Compared with controls, obese patients demonstrated a significantly higher WTASO (82.4 ± 6.9 vs 46.1 ± 6.1 minutes; P<.01) and TWT (117.3 ± 8.8 vs 72.3 ± 7.2 minutes; P<.01) and a significantly lower percentage of sleep time (75.5% ± 1.8% vs 84.9% ± 1.5%; P<.01) (Table 1). Also, the percentage of WTASO during the sleep period was higher in obese patients compared with controls (18.9% ± 1.7% vs 10.7% ± 1.4%; P<.01). In addition, compared with controls, obese patients demonstrated a significantly higher percentage of stage 1 sleep (10.3% ± 0.8% vs 7.3% ± 0.7%; P<.01) and a significantly lower percentage of REM sleep (16.7% ± 0.9% vs 19.7% ± 0.9%; P<.01). The amount of REM sleep was significantly decreased in the first and second third of the night in obese patients compared with controls. Furthermore, REM latency and REM interval were significantly increased in obese patients compared with controls.
In the morning nap, 72 (100%) of 72 obese patients and 41 (28.1%) of 146 controls had some sleep. In the afternoon nap, 62 (100%) of 62 obese patients and 37 (80.4%) of 46 controls had some sleep. The percentage of obese patients compared with healthy controls who slept during the 2 naps was significantly higher (for both, P<.01).
During both naps obese patients fell asleep significantly faster than healthy controls. Specifically, obese patients compared with controls demonstrated a significantly shorter sleep latency during the first nap (13.7 ± 1.9 vs 22.7 ± 2.8 minutes; P<.01) (Table 2). A similar difference was noted between these 2 groups during the second nap (18.7 ± 1.6 vs 27.6 ± 2.8 minutes; P<.01) (Table 3).
During both naps, obese patients compared with controls slept more. Specifically, during the first nap obese patients had significantly lower WTASO (4.7 ± 0.6 vs 8.6 ± 1.4 minutes; P<.01) and TWT (18.5 ± 1.4 vs 30.4 ± 2.6 minutes; P<.01) and a significantly higher percentage of sleep time (69.3% ± 2.8% vs 49.4 ± 4.4; P<.01) (Table 2). Also, the percentage of WTASO during the sleep period was lower in obese patients compared with healthy controls (10.3% ± 1.4% vs 21.0% ± 3.4%; P<.01). During the second nap, obese patients had a significantly lower TWT (26.9 ± 1.8 vs 35.0 ± 2.7 minutes; P<.01) and a significantly higher percentage of sleep time (55.1% ± 3.0% vs 41.5 ± 4.4; P<.01) (Table 3). Also, the percentage of WTASO during the sleep period was lower in obese patients compared with controls (18.8% ± 3.0% vs 23.1% ± 3.9%; P=.32). There were no differences between the 2 groups in terms of sleep stages in either of the 2 naps with the exception of a significantly higher amount of REM sleep during the first nap in the obese patients compared with controls.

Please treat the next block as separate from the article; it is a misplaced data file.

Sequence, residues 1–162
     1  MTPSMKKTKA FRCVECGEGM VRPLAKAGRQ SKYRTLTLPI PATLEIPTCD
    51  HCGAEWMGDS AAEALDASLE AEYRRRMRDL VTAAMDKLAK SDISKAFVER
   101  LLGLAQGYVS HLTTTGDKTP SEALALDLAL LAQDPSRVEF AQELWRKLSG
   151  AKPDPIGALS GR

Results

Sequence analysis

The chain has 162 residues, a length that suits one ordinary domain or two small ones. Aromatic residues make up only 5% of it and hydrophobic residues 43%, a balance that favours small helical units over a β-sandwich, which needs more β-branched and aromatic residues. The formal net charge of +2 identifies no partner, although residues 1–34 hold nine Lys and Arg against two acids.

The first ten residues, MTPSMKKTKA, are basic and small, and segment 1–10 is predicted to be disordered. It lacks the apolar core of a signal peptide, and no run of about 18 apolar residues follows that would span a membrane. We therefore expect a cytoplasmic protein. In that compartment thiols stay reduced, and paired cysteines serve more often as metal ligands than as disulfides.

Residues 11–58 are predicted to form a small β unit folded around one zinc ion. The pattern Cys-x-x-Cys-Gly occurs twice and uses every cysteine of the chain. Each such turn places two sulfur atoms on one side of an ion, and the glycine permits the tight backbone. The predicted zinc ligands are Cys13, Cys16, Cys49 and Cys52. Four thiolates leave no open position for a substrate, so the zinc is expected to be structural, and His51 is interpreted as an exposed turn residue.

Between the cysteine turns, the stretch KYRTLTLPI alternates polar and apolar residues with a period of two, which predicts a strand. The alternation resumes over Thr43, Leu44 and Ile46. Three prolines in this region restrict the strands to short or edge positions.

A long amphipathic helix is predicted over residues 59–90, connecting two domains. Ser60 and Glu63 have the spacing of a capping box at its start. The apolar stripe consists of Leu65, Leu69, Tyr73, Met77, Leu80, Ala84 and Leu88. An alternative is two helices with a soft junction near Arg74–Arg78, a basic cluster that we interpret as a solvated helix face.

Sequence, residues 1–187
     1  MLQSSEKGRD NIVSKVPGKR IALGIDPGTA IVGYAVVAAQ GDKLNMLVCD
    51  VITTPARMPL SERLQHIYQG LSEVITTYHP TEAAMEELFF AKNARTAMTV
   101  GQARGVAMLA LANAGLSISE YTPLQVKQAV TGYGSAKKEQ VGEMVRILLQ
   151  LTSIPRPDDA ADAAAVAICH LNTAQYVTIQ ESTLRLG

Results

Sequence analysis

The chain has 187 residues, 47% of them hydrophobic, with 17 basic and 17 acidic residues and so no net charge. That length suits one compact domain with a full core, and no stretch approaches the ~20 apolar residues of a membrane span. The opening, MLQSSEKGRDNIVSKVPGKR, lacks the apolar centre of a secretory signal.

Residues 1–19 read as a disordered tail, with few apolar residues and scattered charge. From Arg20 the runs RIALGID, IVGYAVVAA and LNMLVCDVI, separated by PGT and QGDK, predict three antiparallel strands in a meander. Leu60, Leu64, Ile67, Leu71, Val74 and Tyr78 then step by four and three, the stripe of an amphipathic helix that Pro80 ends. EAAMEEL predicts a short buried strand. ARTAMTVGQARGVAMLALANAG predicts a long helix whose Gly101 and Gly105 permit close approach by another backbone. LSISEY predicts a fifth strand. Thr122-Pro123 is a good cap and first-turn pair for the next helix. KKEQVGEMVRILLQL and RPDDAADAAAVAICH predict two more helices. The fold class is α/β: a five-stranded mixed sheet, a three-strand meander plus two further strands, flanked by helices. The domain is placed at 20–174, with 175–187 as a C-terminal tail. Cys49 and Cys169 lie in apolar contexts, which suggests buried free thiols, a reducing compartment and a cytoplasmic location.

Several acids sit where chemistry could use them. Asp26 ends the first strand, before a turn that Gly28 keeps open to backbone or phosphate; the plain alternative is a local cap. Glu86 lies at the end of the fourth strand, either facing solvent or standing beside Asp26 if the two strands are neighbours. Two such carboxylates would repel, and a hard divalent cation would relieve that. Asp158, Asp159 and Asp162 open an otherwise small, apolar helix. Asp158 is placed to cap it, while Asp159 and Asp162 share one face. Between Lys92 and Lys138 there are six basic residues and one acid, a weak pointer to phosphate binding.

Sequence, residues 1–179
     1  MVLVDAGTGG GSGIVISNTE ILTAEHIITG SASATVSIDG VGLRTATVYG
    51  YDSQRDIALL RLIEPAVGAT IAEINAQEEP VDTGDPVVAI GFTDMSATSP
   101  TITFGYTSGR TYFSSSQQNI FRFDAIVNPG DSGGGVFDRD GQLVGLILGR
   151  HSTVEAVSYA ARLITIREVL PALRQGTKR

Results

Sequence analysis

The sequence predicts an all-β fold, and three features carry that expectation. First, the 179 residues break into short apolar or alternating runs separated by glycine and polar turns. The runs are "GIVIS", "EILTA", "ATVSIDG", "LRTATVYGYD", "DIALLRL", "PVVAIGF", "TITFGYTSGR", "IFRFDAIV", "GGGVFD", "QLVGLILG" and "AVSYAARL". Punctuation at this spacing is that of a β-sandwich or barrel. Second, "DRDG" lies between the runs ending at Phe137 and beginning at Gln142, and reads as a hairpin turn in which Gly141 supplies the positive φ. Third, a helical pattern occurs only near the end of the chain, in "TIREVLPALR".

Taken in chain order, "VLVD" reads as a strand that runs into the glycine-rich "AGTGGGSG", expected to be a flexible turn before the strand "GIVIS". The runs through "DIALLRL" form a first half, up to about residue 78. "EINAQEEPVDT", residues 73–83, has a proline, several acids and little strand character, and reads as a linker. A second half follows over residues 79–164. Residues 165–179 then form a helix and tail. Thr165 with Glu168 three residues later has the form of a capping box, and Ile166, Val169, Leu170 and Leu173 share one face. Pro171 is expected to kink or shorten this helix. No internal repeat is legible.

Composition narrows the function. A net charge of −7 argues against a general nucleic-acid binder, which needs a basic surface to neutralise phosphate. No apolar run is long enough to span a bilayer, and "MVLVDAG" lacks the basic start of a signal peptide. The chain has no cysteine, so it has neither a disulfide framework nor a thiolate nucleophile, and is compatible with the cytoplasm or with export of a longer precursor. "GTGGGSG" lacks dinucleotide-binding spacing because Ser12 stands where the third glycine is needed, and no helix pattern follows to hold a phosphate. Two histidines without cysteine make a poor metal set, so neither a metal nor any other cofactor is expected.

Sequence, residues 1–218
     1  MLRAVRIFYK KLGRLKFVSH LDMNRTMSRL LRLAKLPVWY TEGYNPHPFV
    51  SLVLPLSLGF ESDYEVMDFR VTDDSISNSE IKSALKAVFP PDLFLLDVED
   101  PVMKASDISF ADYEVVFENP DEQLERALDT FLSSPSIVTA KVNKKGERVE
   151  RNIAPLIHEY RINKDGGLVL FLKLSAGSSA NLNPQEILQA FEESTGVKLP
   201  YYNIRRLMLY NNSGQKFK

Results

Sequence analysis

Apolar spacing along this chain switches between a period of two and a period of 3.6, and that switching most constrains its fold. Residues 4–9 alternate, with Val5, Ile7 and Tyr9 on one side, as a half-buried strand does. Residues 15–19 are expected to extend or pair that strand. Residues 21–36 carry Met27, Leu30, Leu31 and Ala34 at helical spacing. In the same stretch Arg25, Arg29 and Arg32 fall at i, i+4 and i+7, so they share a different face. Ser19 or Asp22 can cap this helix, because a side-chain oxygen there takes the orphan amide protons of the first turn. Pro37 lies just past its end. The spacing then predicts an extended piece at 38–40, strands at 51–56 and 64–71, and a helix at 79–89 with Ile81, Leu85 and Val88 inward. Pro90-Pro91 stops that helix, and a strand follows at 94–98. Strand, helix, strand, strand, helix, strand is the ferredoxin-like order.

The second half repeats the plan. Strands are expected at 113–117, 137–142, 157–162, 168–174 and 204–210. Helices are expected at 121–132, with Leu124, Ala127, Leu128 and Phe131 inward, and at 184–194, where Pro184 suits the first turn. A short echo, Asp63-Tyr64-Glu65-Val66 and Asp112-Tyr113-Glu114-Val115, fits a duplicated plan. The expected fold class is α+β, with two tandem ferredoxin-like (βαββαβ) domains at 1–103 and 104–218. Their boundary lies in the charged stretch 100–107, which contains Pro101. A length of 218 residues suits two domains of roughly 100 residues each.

Approximately 42 (57%) of the 73 obese patients reported daytime sleepiness that was on average moderately severe. Approximately 1 (2%) of 45 controls reported daytime sleepiness (mild).
The mean ± SE number of apneic and hypopneic events in an 8-hour sleep recording was 5.2 ± 1.0 in the obese group and 5.5 ± 1.1 in the control group (P=.88). Mean ± SE presleep hemoglobin oxygen saturation values were similar in the obese and control groups (95.6% ± 0.2% vs 96.1% ± 0.2%; P=.13). The mean ± SE minimum hemoglobin oxygen saturation associated with sleep apneic events was 86.7% ± 0.6% in the obese group and 89.6% ± 0.9% in the control group (P<.0l).
In obese patients, nighttime sleep latency was positively correlated to daytime sleep latency (average of the sleep latencies of the 2 naps) (rxy=0.24; P<.05) and amount of daytime wakefulness (average TWT of both naps)(rxy=0.32; P<.01) and negatively correlated to amount of daytime sleep (average percentage of sleep time of both naps) (rxy=−0.32; P<.01). Furthermore, nighttime percentage of sleep time, TWT, and WTASO were positively correlated to daytime average percentage of sleep time (rxy=0.27; P<.05), to average TWT (rxy=0.27; P<.05), and to average WTASO (rxy=0.33; P<.01), respectively. In controls, nighttime sleep latency was positively correlated to average daytime TWT (rxy=0.33; P<.05) and negatively to average percentage of daytime sleep time (rxy=−0.32; P<.05). However, in contrast to obese patients, in controls nighttime percentage of sleep time, TWT, and WTASO were not correlated to average daytime percentage of sleep, TWT, and WTASO, respectively. There was a positive correlation between percentage of nighttime REM sleep and percentage of REM in the first nap in the obese group (rxy=0.44; P <.01) but not in the control group. Correlations between BMI and objective indexes of daytime sleepiness (average sleep latency and percentage of sleep time based on both naps) in the group of obese patients were not significant. Correlations between the presence of snoring and the nighttime and daytime sleep variables in the group of obese patients were not significant.
The primary finding of our study is that severe obesity even in the absence of sleep apnea or other breathing disorders in sleep is associated with increased daytime sleepiness.